The following column was published on June 17th, 2012 in the New York Times’ Room for Debate blog.
In this election year, the Supreme Court’s judgment on the Affordable Care Act will be interpreted through a political lens. But the decision will have real-life consequences on patients, whose voice won’t be heard through the ensuing partisan din.
If the individual mandate is struck down, health insurers cannot feasibly offer insurance to all patients unless they charge patients with pre-existing medical conditions significantly more than healthy patients. According to the Congressional Budget Office, the number of Americans remaining uninsured would be 40 percent higher — 16 million people — without the mandate than with it, and insurance premiums would be 15 percent to 20 percent more.
If the rest of the Affordable Care Act stands, coverage would still expand for 17 million Americans, mostly through an expansion of Medicaid.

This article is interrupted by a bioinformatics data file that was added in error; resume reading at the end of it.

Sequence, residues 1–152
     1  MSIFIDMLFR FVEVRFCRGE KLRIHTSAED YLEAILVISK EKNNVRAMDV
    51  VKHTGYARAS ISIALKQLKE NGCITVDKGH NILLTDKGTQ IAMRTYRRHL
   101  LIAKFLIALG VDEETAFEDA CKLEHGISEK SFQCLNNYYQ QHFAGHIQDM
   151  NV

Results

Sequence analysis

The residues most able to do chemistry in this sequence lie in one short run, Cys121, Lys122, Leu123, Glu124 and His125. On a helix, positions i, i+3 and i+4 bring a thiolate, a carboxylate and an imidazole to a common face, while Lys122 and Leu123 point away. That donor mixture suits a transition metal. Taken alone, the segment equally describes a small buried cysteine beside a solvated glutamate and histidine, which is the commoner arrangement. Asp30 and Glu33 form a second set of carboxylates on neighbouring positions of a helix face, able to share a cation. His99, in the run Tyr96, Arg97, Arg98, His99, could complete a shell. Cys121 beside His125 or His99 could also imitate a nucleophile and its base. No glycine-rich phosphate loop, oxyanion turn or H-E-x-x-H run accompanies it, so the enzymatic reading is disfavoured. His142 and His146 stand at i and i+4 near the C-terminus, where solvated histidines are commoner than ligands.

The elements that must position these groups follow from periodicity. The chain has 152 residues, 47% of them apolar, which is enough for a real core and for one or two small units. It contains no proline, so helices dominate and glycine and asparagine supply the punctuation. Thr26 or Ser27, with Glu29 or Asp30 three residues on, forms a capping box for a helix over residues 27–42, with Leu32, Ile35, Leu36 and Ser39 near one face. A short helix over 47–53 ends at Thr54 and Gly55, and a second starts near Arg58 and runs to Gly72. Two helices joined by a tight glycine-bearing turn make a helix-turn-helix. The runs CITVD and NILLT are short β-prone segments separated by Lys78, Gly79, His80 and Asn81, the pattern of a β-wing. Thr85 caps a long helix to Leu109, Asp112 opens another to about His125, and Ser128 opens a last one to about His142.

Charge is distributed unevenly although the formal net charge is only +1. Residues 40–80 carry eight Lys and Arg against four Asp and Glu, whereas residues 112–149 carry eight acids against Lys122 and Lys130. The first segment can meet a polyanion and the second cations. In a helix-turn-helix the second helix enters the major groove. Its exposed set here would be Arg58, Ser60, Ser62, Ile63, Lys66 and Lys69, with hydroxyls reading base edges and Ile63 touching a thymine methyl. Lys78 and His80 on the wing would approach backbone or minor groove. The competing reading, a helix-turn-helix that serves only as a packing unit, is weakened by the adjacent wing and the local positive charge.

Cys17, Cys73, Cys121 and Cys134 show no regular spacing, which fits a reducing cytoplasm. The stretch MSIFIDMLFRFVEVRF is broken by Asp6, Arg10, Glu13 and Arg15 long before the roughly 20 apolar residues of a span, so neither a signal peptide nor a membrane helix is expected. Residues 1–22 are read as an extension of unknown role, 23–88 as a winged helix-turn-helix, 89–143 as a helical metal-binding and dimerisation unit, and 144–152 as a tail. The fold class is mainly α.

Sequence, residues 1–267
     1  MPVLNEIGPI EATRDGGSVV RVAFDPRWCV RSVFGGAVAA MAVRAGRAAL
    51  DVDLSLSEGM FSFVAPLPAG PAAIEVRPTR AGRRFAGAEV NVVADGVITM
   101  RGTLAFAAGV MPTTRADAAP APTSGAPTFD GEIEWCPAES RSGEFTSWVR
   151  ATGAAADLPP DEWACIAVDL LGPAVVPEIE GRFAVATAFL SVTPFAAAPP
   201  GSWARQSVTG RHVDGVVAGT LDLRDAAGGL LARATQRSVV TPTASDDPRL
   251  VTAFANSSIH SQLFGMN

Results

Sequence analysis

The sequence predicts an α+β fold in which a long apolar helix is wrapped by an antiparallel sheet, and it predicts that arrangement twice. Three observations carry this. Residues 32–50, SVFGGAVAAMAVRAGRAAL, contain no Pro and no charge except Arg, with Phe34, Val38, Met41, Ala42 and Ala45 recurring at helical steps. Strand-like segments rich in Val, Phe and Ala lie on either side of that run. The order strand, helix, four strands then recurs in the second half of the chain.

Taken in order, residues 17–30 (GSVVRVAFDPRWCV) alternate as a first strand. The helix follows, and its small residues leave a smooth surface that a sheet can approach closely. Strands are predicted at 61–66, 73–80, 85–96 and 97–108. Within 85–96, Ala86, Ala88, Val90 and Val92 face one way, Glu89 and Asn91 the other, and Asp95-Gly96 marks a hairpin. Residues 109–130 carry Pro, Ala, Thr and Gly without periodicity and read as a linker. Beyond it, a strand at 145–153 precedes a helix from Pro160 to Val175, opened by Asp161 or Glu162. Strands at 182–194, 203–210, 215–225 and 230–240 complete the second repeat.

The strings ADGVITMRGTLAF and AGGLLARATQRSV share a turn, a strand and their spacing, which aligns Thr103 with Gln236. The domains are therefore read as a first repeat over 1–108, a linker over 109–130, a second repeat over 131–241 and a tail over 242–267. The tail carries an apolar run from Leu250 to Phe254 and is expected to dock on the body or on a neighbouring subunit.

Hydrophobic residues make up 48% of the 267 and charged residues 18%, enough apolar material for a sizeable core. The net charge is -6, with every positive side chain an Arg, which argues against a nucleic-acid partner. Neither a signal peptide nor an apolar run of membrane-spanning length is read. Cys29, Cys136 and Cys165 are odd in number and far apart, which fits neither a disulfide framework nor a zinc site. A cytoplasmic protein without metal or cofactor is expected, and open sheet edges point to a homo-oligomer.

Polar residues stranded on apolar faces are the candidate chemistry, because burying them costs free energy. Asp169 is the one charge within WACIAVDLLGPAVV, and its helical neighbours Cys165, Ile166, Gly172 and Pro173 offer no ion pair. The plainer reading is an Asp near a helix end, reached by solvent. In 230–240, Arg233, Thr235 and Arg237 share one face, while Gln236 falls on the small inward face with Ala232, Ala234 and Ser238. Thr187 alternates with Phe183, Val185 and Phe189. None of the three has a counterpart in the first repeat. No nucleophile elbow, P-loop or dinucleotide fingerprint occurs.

If health reform is struck down in its entirety, however, not only would the uninsured lose, so would other constituents with health insurance, like the elderly. One of the unsung benefits of the Affordable Care Act is Medicare’s Annual Well Visit exam, which has been offered since 2011. Thanks to these visits, which I perform everyday in my primary care clinic, I have the opportunity to evaluate seniors for their risk of falling, screen for depression and ensure preventive services like vaccines and cancer screening are adhered to.
Furthermore, health reform has already helped seniors save money. In 2011 alone, nearly 3.6 million Medicare beneficiaries saved $2.1 billion in prescription drug costs. A total repeal of law would not only hurt the uninsured, but would deny seniors benefits they already receive.
There will be no shortage of political opinion once the Supreme Court’s decision is rendered. Striking down all or part of the Affordable Care Act likely won’t affect these politicians or commentators, who are already secure in their health benefits. Our most vulnerable patients, whose voices you won’t hear, stand to lose the most.
Kevin Pho is co-author of Establishing, Managing, and Protecting Your Online Reputation: A Social Media Guide for Physicians and Medical Practices. He is founder and editor of KevinMD.com, also on Facebook, Twitter, Google+, and LinkedIn.